Horns. They were the only expectations that existed in my wandering mind before previewing the cinematic adaptation of Joe Hill’s supernatural thriller.
Having never read the novel, little was presumed aside from another role in which Daniel Radcliffe was making an attempt to rid the glasses and lightning-bolt scar that have seemingly tarnished his career.
In Alexander Aja’s adaptation, Radcliffe plays the lead role of Ignatius ‘Ig’ Perrish, who stands accused of raping and murdering his childhood sweetheart, Merrin, the night she ended their relationship in a dingy diner.
However, his American accent, his encapsulation of the haunting bereavement after losing the love of his life and the personification of his new devilish attitude, are pulled off by the actor who has received criticism for all his acting roles post-Potter.
The dark fantasy makes spectacular use of flashbacks triggered by both objects and people and incorporates obvious biblical imagery of heaven and hell including snakes, crucifixes and of course, the horns.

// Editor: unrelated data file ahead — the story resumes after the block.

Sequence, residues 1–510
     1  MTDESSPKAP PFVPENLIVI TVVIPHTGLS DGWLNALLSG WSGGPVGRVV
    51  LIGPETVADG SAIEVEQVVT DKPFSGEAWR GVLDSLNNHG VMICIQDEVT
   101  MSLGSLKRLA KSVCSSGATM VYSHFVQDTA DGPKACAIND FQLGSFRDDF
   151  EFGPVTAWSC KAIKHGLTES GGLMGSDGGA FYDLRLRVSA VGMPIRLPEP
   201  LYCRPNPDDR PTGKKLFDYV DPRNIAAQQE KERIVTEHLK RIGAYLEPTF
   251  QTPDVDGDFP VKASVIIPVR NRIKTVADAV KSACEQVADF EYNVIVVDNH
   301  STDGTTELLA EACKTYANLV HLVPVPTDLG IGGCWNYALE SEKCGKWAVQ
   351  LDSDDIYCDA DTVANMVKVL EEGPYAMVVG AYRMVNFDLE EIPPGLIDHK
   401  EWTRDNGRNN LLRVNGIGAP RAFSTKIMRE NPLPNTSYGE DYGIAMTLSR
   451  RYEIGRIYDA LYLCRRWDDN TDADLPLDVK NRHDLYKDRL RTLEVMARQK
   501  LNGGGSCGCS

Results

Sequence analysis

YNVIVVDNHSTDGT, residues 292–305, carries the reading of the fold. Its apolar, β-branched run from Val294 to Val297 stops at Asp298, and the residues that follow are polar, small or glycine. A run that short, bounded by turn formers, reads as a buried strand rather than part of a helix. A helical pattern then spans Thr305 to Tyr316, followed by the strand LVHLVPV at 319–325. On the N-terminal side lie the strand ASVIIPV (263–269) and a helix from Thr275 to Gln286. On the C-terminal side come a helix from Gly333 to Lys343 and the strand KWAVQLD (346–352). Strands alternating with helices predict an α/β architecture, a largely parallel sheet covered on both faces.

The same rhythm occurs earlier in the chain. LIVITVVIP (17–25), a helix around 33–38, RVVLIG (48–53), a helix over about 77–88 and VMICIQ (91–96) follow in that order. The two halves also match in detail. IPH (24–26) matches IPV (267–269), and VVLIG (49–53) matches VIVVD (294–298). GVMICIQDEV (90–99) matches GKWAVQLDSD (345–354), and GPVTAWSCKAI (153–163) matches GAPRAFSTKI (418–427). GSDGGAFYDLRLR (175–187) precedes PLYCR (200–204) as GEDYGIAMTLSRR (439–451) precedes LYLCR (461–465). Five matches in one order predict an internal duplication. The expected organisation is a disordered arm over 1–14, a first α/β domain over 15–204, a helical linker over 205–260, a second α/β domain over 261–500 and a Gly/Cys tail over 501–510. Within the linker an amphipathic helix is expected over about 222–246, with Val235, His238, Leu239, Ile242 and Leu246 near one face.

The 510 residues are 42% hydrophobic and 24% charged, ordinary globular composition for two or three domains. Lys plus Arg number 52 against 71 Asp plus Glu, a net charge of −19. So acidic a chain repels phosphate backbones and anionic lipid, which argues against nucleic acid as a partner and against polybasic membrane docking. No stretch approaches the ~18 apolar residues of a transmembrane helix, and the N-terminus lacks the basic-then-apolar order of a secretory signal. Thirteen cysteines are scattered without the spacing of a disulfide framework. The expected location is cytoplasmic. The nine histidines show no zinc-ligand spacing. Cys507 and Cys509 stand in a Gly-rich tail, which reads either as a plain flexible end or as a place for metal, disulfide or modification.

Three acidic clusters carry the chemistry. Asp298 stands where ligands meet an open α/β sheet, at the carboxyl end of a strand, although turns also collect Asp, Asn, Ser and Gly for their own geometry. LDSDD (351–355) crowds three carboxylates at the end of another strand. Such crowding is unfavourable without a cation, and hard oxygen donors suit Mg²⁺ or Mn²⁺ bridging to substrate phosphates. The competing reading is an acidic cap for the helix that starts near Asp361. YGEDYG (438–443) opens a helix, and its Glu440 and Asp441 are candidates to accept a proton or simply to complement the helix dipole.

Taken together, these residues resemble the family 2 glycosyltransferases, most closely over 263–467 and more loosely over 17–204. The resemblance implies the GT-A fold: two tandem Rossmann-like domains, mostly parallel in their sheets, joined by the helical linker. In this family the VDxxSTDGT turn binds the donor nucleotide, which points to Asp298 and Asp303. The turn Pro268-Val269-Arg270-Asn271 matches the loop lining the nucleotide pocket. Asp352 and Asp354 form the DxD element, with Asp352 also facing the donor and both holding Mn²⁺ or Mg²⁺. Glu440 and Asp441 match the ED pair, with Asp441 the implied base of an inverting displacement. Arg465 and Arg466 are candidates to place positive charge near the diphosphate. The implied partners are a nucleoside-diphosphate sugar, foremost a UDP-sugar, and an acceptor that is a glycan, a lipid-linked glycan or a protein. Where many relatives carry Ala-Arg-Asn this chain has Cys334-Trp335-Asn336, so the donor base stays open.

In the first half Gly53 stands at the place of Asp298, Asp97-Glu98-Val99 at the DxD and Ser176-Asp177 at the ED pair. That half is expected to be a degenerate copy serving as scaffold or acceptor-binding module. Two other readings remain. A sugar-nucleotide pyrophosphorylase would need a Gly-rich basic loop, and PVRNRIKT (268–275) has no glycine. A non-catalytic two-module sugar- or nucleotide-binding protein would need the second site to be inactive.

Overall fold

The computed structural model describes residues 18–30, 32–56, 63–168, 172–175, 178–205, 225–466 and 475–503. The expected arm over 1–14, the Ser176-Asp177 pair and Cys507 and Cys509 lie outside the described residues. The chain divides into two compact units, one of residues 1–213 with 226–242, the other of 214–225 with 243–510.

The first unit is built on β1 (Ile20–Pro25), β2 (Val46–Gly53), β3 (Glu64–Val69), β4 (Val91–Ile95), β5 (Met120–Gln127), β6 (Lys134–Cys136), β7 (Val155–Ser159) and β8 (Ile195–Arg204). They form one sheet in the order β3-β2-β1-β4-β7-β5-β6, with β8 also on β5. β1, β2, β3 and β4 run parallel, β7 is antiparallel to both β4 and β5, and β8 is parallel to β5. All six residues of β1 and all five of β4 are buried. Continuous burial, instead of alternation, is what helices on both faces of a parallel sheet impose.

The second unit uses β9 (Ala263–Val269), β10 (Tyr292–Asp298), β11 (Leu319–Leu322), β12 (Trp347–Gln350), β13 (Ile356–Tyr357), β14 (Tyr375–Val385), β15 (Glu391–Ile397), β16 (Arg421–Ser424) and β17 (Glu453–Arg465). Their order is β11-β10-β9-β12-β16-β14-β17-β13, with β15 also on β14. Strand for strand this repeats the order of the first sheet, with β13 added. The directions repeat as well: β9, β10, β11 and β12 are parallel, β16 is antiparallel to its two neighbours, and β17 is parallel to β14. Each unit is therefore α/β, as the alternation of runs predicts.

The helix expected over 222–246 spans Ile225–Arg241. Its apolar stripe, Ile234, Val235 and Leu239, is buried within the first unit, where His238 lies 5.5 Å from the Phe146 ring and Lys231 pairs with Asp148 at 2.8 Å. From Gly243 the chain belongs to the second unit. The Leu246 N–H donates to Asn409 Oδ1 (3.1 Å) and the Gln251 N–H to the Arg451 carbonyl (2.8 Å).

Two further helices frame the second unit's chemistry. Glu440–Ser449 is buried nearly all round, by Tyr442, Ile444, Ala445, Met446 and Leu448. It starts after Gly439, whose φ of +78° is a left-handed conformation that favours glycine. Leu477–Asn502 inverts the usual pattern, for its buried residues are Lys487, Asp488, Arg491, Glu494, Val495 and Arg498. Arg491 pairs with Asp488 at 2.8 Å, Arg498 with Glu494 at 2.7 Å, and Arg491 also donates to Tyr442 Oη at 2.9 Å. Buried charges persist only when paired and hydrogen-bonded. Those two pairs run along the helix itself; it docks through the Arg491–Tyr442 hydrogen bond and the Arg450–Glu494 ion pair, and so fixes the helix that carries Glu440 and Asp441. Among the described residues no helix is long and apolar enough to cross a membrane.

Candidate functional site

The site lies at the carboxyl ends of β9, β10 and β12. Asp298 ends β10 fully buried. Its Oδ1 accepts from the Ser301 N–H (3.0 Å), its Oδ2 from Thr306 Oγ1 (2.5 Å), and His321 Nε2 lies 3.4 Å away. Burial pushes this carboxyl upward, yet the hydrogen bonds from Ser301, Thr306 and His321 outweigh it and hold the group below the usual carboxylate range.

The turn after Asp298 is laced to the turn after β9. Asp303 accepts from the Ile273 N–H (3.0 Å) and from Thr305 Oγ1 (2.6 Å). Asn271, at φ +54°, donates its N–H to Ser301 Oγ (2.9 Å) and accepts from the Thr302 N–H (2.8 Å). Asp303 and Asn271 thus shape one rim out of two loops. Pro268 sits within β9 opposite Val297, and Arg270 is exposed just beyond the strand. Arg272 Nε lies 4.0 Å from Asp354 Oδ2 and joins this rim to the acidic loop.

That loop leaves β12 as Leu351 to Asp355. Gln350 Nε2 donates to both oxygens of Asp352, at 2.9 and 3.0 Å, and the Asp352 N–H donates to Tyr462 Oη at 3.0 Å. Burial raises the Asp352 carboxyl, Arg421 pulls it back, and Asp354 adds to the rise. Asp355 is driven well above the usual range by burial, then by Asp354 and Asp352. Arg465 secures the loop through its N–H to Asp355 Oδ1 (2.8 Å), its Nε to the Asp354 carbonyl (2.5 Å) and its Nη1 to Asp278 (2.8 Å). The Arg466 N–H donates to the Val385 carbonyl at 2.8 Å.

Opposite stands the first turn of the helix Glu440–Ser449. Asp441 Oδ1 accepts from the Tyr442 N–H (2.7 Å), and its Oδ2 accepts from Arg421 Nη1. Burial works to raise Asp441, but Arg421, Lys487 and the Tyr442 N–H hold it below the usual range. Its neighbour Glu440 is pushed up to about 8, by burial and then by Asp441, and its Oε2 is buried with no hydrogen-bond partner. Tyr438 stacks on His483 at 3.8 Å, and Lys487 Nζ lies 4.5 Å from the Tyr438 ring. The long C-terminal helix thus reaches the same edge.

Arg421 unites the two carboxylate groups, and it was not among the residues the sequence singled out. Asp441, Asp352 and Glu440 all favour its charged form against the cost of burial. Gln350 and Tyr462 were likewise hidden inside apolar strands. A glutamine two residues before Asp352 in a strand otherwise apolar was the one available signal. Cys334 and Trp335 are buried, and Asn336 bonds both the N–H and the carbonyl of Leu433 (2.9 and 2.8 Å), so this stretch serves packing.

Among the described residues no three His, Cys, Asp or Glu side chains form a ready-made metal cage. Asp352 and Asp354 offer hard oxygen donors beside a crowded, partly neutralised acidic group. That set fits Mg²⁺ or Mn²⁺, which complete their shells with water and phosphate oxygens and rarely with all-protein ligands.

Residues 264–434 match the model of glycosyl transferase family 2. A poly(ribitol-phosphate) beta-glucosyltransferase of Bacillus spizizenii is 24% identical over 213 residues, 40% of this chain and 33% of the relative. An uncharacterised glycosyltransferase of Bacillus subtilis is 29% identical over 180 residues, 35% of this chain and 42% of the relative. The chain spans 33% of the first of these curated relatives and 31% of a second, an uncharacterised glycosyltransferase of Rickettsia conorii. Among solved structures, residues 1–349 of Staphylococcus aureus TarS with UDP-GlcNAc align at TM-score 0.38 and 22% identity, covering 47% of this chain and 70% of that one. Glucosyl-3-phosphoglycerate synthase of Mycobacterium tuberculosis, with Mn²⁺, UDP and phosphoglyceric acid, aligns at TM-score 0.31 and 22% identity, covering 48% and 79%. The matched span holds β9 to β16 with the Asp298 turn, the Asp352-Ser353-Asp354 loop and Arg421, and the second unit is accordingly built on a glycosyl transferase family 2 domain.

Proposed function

The horns sprout from Ig’s head after he is held responsible and believed, even by his own family and neighbourhood, to have committed the sin himself.
In what should be classed as more of a dark comedy than a horror, the horns result in those around him confessing their most sinful secrets and animalistic desires.
Policemen confess their gay lust for one another, a doctor snorts his own pharmaceuticals and journalists fist fight one another for a breaking scoop.
At times the personification of the devil became a little too comedic when in one scene Ig bears a trident with a snake draped around his neck.
Aside from the obvious humour throughout the journey of the film, an intriguing and surprising undertone of emotional and psychological depth resonates after the horns emerge.
The one responsible for murdering the red-headed beauty, played by Juno Temple, remains a subtle surprise for those going into the film blind and although in hindsight clues do litter the early scenes, the whodunit does remain quite the mystery.
Horns boasts a unique and indie soundtrack, featuring Pixies and Sunset Rubdown, which is befitting to the fantasy plot and the captivating Canadian woodland scenery.
Overall, the film is at times a slightly confused amalgamation of magical realism and succeeded in evoking surprising emotions of sorrow and contemplation but lacked any real textbook horror aside from the closing climax.
Main image courtesy of O Cinéma with thanks